Festivals: Los Angeles
Since its original conception under different management as the Los Angeles Independent Film Festival, the major mid-year generalist festival in the second-largest American city has been uneasily wedged between the big events at the top of the calendar (Sundance, Rotterdam, Göteborg, Berlin) and those ushering in the fall (Venice, Telluride, Toronto). For festivalgoers, calendar placement may not matter—they tend to be more interested in the movies they can snag tickets for—but it should, since it can directly affect the films that the festival can actually program. The New York Film Festival, for example, was fortunately designed from the outset by Richard Roud and Amos Vogel according to a “festival of festivals” concept, as a curated program selecting from the best of the year’s festival circuit. “Fortunately,” because NYFF is positioned in October—a month after the early fall onslaught, allowing it space to consider and distill the year’s work. (AFI Fest Los Angeles, the other major generalist Los Angeles festival, set in November, enjoys a similar spot on calendar and, thus, curatorial position.)
The Los Angeles Film Festival faces an annual challenge: can the selection of its competition sections for narrative and documentary features—leaning heavily toward American work, with an emphasis on world and U.S. premieres—include enough fresh, vital, and good films that haven’t already been unveiled in Sundance, South by Southwest, and Tribeca? I’ve attended the festival since the beginning, and the challenge has never been met. LAFF can serve as a useful metric: if you’re playing the world premiere game, there are simply not enough good U.S. indie films to go around (and, if anything, fewer each year), so by mid-June the pickings are slim.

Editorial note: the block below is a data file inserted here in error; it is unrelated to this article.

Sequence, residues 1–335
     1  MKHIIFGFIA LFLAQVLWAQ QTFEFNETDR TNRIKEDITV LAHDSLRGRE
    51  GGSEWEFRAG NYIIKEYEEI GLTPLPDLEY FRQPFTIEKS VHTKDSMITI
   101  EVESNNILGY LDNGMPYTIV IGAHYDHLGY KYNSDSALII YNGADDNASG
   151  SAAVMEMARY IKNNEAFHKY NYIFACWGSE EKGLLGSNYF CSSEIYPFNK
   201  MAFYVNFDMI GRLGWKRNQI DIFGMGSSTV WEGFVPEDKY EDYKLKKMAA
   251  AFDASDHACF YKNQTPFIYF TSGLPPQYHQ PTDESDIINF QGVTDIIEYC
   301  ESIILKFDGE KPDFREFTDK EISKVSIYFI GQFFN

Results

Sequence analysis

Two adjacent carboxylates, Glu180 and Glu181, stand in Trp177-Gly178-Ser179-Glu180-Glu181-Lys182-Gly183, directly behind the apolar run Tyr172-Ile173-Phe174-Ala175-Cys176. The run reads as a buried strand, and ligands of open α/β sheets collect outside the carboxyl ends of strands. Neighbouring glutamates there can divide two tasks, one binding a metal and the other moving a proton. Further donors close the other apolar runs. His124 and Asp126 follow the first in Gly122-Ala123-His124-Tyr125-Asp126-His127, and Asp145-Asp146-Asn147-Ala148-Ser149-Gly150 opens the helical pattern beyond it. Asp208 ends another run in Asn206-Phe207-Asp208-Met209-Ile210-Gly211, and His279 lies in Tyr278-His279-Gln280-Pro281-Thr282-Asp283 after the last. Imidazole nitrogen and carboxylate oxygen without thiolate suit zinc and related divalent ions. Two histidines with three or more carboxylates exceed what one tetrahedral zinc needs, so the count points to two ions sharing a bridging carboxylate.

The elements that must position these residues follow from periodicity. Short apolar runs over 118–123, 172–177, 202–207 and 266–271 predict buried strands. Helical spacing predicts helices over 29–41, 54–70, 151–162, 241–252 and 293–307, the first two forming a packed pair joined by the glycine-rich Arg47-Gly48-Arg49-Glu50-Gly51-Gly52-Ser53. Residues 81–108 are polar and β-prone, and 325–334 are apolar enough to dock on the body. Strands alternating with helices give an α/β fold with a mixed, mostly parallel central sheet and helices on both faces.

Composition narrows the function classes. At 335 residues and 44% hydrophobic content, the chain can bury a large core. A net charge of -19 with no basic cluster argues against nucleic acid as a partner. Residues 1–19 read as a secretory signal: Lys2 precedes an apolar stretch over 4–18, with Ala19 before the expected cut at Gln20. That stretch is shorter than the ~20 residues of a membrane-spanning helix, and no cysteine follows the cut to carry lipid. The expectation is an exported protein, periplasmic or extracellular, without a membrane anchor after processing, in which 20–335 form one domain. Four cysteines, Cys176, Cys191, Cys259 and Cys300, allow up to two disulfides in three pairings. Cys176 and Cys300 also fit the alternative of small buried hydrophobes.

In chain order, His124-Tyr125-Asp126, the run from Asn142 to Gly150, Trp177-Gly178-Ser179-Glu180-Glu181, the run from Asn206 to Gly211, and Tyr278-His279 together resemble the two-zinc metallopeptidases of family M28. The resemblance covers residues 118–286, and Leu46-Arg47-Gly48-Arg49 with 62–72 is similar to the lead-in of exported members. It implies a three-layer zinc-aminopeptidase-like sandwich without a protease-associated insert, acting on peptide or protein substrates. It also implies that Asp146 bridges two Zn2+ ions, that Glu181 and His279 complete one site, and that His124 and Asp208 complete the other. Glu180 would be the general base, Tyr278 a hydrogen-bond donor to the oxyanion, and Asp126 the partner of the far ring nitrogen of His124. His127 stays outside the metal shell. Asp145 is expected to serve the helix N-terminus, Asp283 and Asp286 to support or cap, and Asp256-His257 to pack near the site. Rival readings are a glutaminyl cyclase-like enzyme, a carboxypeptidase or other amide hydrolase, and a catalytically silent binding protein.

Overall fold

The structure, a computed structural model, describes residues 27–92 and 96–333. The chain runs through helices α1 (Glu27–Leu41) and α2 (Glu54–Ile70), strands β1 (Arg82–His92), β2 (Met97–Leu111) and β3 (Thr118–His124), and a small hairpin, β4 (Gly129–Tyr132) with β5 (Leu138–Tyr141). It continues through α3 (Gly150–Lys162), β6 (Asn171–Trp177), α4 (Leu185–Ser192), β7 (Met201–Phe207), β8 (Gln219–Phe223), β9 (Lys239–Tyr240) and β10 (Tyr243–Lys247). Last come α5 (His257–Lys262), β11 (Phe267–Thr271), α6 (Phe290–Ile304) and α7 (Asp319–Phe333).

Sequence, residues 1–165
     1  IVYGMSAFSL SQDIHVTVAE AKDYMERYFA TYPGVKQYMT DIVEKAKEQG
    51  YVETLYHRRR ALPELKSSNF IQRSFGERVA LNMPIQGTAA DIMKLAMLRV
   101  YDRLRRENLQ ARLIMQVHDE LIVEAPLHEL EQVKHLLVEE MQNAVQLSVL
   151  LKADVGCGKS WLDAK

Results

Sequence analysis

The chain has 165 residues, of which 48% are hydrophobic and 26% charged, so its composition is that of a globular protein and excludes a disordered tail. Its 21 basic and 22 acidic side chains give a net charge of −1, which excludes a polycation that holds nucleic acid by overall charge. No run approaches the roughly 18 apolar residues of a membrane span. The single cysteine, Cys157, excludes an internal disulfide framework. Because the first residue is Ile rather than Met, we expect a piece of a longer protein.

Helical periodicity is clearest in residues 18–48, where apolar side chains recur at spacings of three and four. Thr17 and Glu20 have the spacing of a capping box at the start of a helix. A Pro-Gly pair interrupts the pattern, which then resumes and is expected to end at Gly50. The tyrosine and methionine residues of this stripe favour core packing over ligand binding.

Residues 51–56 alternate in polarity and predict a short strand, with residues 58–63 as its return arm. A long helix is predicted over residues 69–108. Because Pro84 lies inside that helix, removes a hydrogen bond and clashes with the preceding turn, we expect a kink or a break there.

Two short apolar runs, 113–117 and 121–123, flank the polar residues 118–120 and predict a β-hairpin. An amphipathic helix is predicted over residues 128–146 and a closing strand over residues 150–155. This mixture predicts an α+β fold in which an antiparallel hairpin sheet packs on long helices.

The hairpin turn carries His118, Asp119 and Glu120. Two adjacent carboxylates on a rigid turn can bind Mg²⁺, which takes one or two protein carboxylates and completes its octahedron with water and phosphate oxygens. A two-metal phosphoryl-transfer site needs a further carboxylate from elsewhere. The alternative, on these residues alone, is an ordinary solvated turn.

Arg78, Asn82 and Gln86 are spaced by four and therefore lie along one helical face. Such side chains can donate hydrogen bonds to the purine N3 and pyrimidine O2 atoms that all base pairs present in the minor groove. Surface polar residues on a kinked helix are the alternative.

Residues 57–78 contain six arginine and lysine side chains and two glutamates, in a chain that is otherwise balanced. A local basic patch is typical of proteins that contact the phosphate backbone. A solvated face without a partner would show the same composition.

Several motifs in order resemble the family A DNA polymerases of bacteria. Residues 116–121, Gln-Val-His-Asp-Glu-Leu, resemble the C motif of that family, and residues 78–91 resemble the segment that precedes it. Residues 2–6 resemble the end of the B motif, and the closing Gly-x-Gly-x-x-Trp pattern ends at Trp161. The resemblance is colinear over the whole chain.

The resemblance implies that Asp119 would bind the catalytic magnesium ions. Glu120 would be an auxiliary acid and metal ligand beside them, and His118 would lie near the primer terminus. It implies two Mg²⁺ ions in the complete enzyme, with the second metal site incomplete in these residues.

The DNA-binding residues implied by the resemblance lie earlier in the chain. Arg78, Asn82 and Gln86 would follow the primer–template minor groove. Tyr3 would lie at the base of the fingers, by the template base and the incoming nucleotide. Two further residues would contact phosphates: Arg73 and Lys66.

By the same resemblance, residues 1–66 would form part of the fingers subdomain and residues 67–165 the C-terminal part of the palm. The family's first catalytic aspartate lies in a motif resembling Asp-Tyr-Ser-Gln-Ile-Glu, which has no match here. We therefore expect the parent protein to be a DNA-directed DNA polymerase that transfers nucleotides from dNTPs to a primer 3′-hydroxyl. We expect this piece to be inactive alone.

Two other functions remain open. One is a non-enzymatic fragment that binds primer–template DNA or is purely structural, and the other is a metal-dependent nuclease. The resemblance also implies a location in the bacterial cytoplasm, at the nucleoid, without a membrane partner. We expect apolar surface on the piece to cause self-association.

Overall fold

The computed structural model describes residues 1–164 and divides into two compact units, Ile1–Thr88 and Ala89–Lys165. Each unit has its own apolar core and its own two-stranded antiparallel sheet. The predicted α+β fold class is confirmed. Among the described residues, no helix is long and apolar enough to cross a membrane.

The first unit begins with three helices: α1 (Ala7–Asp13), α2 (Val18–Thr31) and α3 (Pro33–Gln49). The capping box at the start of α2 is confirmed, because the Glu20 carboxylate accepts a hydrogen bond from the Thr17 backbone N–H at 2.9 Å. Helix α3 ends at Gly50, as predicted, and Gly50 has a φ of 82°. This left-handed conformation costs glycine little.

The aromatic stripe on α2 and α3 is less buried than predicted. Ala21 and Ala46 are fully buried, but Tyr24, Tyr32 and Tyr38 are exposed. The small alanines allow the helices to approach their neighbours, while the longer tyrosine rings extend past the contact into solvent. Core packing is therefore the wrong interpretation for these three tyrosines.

Forty Years from Yesterday
Take the narrative competition. Of the 12 in the lineup, there was one genuine discovery (Robert Machoian and Rodrigo Ojeda-Beck’s powerfully resonant Forty Years from Yesterday), one exceptional U.S. premiere from Mexico (José Luis Valle’s deadpan Workers, coming from the Berlin and Guadalajara festivals), and one reasonably decent European import (Janis Nords’s Latvian coming-of-age drama Mother, I Love You, which won the competition jury prize). Little else will make any impact on the festival world, except perhaps for Kamal K.M.’s highly flawed, hyper-repetitive indie Mumbai drama I.D., which has already played such festivals as Rotterdam and Turin.
Even if it weren’t surrounded by generally poor and mediocre American indies making their world premieres, Forty Years would remain a superb opening salvo from a filmmaking team with a fine future. Balancing cool distance and generous intimacy, Machoian and Ojeda-Beck stage a chamber piece about how a husband experiences the death of his long-sickly wife, and how the death affects the rest of his family, as well as the undertaker team caring for her body. Not a moment in the film is wasted, nor an affectation indulged; in other words, rigor is the watchword—a rare quality on view in today’s American indie landscape. Though clearly the work of serious cinema artists, Forty Years is just as invested in emotion, and its range of expressions of grief pushes the film toward the transcendent. It’s not too much to say that the final minutes attain the level of Dreyer’s more spiritual cinema, but without a trace of New Age wooziness.
Forty Years contains equal doses of feelings and ideas, as does Valle’s Workers, which similarly stood out from a sorry field of premieres at the declining Guadalajara festival. Though obviously indebted to Fernando Eimbcke’s innovative brand of deadpan humor, Valle’s intricately constructed social comedy portrays the parallel fates of two aging laborers in Tijuana: a loyal, hard-working janitor at a Philips plant and a maid for a dying matriarch whose beloved pet greyhound outlives her. The film plays out several variations on what it means to be a worker, including a bravura long shot on a busy street that’s a living diorama, but remains true to the central characters, both faced with absurd indignities which they find deviously clever ways to combat. Few filmmakers have tackled the rich dramatic potential of Tijuana, which has recovered from a period of almost unimaginable violence, and Valle does it like a director who has confidently found his own voice.